Chuck Close (American, b. 1940)
Self-Portrait/Scribble/Etching Portfolio, 2000 © Chuck Close, courtesy Pace Gallery

Chuck Close (American, b. 1940)
Detail from Self-Portrait/Scribble/Etching Portfolio, 2000
Portfolio of 12 state proofs, 12 progressive proofs, and 1 final signed print Soft-ground etching 18 1/4 x 15 1/4 in. Edition of 15, Pace Editions, Inc., New York, printer (Bill Hall, Julia D’Amario, Jessica Miller, Kathy Kuehn) Pace Editions, Inc., New York, publisher Private collection, courtesy of The Heller Group © Chuck Close, courtesy Pace Gallery

Closer: The Graphic Art of Chuck Close (Lecture Galllery)

September 28, 2013 - January 26, 2014

One of the great modern masters of printmaking, methodical yet always inventive in his approach, American artist Chuck Close Chuck Close continues to follow the bold trajectory he set for himself nearly five decades ago. The prints in this show feature his work Self-Portrait/Scribble/Etching Portfolio, 2000.

Nearly three decades after first using the color separation process in his dye-transfer prints and acrylic paintings, Close finally devised a printmaking process by which he could “break a drawing down into its component colors and put a piece of that drawing on a different plate.”

Pushing the limits of the medium to make an intaglio print in twelve colors as opposed to the usual upper limit of six, Close used twelve different colored pencils to draw scribble lines in slightly different patterns, using a projected image as an aid. Multicolor etchings require a separate plate for each color, each printed on top of the last, which in this case required the assistance of four printers and entailed printing three colors a day for four days.

The completed portfolio is composed of a final editioned print along with twelve state proofs (twelve single-color plates) and twelve progressive proofs (plates printed in sequence as each color was added during the printing process). The final print reflects the steady accretion of these marks as they were built up cumulatively, from warm to cool tonalities.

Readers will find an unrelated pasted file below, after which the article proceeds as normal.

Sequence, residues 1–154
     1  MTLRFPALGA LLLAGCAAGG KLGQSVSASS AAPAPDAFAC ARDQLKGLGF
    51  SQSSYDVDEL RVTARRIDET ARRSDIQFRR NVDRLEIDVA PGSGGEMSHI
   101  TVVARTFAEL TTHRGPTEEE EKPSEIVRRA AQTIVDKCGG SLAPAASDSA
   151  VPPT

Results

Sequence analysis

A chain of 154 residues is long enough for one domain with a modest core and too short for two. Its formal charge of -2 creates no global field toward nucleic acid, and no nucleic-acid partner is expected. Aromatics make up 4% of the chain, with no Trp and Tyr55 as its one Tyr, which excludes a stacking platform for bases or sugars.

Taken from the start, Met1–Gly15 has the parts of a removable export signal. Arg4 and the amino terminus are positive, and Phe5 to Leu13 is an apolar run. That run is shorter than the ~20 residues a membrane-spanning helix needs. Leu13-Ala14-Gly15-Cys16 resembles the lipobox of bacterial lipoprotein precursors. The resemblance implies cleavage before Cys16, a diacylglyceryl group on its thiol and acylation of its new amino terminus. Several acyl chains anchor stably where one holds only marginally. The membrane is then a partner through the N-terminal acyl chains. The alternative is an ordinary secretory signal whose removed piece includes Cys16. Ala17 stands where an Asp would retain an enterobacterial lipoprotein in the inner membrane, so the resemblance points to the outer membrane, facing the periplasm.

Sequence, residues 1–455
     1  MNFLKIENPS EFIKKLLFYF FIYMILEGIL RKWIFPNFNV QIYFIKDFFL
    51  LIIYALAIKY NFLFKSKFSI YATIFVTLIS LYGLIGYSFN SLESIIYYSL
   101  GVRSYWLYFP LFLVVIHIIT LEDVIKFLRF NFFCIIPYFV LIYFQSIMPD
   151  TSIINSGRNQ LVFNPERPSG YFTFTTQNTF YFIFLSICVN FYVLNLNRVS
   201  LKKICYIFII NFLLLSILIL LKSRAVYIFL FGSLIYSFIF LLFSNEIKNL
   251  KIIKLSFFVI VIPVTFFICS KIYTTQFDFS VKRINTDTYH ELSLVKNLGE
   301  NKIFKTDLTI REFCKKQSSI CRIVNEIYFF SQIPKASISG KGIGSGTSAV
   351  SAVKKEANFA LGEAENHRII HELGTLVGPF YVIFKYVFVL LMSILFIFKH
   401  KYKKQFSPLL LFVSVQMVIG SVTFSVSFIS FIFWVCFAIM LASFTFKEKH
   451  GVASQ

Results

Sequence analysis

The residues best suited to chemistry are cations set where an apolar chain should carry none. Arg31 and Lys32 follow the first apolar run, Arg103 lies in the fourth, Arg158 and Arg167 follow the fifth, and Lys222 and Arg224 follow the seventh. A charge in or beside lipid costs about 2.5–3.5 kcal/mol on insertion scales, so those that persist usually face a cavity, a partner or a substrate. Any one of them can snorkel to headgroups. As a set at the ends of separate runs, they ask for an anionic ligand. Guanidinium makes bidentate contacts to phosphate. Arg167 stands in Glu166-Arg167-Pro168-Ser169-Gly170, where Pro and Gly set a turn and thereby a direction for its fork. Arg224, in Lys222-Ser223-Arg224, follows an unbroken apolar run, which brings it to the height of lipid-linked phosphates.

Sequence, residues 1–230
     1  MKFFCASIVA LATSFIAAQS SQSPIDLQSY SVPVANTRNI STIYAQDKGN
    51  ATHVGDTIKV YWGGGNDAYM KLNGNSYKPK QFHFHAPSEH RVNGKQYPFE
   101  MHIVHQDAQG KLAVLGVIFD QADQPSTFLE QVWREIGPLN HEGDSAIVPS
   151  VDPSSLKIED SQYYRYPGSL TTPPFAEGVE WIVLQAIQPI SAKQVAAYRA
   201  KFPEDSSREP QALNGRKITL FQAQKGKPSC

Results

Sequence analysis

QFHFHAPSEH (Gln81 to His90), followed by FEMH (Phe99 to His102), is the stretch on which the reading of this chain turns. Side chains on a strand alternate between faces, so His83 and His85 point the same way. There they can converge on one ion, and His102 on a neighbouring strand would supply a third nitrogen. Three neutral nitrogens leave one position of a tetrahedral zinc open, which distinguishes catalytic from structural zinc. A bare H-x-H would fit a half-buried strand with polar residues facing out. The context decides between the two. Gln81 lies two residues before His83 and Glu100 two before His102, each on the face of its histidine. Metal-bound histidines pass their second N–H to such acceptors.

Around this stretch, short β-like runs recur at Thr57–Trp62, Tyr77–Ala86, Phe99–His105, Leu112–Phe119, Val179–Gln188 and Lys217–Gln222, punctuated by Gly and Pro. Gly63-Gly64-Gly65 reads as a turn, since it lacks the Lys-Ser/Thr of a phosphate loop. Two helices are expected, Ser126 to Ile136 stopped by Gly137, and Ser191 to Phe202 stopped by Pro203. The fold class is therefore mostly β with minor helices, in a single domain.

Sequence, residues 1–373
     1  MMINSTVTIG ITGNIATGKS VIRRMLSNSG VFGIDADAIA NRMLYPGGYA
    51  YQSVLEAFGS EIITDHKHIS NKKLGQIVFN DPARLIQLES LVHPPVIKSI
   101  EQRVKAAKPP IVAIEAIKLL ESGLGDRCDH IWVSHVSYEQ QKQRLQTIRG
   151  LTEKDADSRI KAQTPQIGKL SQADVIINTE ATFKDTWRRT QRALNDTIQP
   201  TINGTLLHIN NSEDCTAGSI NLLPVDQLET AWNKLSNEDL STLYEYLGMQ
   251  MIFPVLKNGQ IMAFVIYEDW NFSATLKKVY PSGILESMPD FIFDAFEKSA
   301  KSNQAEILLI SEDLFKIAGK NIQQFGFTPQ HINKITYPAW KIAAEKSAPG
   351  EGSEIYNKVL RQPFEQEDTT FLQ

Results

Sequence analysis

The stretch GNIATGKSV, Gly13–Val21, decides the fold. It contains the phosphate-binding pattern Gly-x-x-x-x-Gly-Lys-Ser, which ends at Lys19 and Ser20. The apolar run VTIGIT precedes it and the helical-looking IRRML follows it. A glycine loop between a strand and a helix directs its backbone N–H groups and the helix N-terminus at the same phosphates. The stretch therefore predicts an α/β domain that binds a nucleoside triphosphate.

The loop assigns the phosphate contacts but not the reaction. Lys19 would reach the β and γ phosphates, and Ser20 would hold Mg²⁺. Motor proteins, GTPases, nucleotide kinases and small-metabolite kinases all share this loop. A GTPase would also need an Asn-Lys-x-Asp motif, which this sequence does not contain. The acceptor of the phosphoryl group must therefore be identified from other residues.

In 2000 the scribble marks represented a new undertaking for Close. Applied irregularly in different lengths and densities, they form a delicate, interwoven net of colored threads that verge on abstraction. The overall pattern recalls Close’s hatch-marked conté drawings of the 1970s and bears an affinity with Georges Seurat’s Neoimpressionist drawings.

The portfolio is also significant in that it provides a gentler and decidedly more accessible portrait of the artist using the three-quarter view he had recently adapted for his self-portrait of the same year , as well as in portraits of Cindy Sherman (Museum of Contemporary Art, Chicago), Jasper Johns (National Gallery of Art, Washington, D.C.), and Lyle Ashton Harris (Whitney Museum of America Art, New York).

Yet it also marks a departure from previous prints in terms of its intimate scale and expressive potential. “I really wanted to fill the rectangle with a face, a soul,”5 the artist has said of the incremental units in this work. Their impact in the aggregate is greater than the sum of its parts.

Closer: The Graphic Art of Chuck Close is accompanied by a generously illustrated catalogue by the same title. A lecture series and film series also complement the exhibition.

Educational programming is generously underwritten by J.P. Morgan.